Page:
About The Author
Spencer Reamy

As senior vice president of print and marketing logistics, Spencer consults with clients on projects and enjoys finding solutions to new challenges that arise daily. Spencer believes in mentoring and managing with a positive attitude while having direct oversight of the day-to-day print production, installation, and warehouse and distribution services in Dallas as well as implementing process and helping to guide the entire Print and Marketing Logistics division. Spencer joined Phase 3 in via acquisition of Gigantic Color has been working in the design and digital printing business since 1998. He is a graduate of Texas A & M – Commerce with a Bachelor of Science degree in graphic design. When not at work, Spencer enjoys reading or creative activities such as wood working and drawing. His Sunday nights have been spent organizing and planning for AWANA games at his church of the past 15 years.

Avoid These Common Mistakes When Printing Large-Format Products



Even as our attention moves increasingly to the screens in our hands, the business case for large-format printing is still valid at certain points of contact. For example, if you have a brick-and-mortar location of any kind (retail store, office building, multi-family residential complex, hospital, college campus, or more) or you host an in-person event (conference, festival, fundraiser, or athletic event), large scale graphics are critical to attracting customers, building awareness, and creating a memorable experience for your brand.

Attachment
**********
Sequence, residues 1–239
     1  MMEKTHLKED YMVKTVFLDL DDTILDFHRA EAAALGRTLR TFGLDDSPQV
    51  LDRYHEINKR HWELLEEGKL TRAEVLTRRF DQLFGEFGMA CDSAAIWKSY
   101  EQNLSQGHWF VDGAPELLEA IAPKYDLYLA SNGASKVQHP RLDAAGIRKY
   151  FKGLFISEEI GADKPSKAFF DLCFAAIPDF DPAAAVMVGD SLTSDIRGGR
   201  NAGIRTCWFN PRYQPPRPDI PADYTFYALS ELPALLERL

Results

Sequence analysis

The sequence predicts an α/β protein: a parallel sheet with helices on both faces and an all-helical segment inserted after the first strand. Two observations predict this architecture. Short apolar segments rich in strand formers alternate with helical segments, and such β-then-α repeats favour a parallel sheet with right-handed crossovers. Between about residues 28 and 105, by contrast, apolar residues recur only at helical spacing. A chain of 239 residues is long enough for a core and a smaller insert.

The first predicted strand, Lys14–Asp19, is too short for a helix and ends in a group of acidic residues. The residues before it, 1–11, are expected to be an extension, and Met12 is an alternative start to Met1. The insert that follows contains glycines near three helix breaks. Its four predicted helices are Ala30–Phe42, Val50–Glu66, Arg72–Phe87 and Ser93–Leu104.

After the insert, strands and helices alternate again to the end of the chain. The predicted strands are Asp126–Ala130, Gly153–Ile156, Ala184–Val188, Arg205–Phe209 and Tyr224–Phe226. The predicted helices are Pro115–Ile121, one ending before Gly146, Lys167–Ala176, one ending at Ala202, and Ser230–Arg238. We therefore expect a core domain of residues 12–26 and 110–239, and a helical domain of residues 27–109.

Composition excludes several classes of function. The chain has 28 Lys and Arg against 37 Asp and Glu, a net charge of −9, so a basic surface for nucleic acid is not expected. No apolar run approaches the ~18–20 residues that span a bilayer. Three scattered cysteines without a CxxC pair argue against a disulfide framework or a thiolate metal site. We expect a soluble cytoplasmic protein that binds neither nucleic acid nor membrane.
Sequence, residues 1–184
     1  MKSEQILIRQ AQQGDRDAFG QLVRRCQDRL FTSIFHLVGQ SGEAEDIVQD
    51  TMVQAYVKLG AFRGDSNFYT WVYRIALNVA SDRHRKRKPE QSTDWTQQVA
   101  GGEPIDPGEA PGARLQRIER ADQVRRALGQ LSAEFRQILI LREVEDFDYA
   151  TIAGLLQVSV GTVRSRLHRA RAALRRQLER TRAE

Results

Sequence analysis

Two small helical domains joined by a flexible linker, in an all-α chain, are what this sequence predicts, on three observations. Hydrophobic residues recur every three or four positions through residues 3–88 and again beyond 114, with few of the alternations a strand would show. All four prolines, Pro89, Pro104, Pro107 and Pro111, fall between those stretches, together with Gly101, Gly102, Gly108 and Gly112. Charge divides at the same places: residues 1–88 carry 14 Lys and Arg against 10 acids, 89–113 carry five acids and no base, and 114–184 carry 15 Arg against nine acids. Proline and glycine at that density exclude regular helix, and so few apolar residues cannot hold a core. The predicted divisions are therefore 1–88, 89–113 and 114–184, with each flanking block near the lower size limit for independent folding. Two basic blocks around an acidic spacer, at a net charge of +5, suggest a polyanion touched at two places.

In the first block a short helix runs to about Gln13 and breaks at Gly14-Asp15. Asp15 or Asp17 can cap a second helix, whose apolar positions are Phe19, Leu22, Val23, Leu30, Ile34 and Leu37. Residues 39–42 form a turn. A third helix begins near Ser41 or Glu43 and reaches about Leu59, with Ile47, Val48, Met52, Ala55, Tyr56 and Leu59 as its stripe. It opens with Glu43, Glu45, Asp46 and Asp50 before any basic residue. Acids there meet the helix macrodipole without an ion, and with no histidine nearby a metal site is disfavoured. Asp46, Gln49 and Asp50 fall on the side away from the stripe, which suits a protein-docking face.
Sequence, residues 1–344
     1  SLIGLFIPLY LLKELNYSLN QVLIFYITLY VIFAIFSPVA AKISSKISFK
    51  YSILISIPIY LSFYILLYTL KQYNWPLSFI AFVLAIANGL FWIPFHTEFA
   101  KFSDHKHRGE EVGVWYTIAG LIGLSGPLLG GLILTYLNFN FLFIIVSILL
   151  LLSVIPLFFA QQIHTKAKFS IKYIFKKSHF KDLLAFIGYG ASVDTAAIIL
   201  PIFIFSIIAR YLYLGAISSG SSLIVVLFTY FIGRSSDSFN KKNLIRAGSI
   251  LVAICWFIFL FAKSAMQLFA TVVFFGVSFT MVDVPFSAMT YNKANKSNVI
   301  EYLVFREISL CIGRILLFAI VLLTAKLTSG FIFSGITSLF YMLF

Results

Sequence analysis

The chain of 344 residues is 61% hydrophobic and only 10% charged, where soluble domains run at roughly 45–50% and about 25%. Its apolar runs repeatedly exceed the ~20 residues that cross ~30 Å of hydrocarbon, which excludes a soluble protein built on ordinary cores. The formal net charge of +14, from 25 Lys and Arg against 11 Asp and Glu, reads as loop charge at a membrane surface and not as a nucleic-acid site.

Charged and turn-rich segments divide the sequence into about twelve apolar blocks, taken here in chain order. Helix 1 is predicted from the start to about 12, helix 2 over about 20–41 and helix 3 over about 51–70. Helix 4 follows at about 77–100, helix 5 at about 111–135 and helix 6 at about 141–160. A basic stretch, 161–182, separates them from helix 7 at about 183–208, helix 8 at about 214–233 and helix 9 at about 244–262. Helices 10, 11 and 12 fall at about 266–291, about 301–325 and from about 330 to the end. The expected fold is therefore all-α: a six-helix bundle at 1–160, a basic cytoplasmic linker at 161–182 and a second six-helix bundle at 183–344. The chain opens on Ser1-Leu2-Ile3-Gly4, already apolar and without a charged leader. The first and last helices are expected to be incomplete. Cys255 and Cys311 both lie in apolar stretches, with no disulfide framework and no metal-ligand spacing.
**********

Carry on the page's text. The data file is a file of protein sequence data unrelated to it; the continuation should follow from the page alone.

Large-format printing can take the form of banners, wall graphics, floor graphics, window graphics, building wraps, vehicle wraps, flags, barricades, exterior and interior signage, point-of-purchase signage, billboards, murals, and more. These printed materials present visually engaging brand messaging on an impressive scale that will get your brand noticed.

However, your message can be muted by poor print quality, or the misuse of the materials used in printing. Large-format printing requires very specific parameters to produce the clearest and most vivid images and the most durable final product. This post will outline the most common mistakes to avoid when planning a large-format print project.


10 Common Design or Pre-Press Mistakes


  1. Not including a bleed as part of the design. In most cases, your artwork will be printed larger than ordered and trimmed to its final size, so the file needs to contain a bleed - an extra bit of image or background that extends beyond the trim area on all four sides. A bleed is required for most printed projects to ensure a consistent look and to avoid errant white space. A standard bleed is .25” for large-format printing.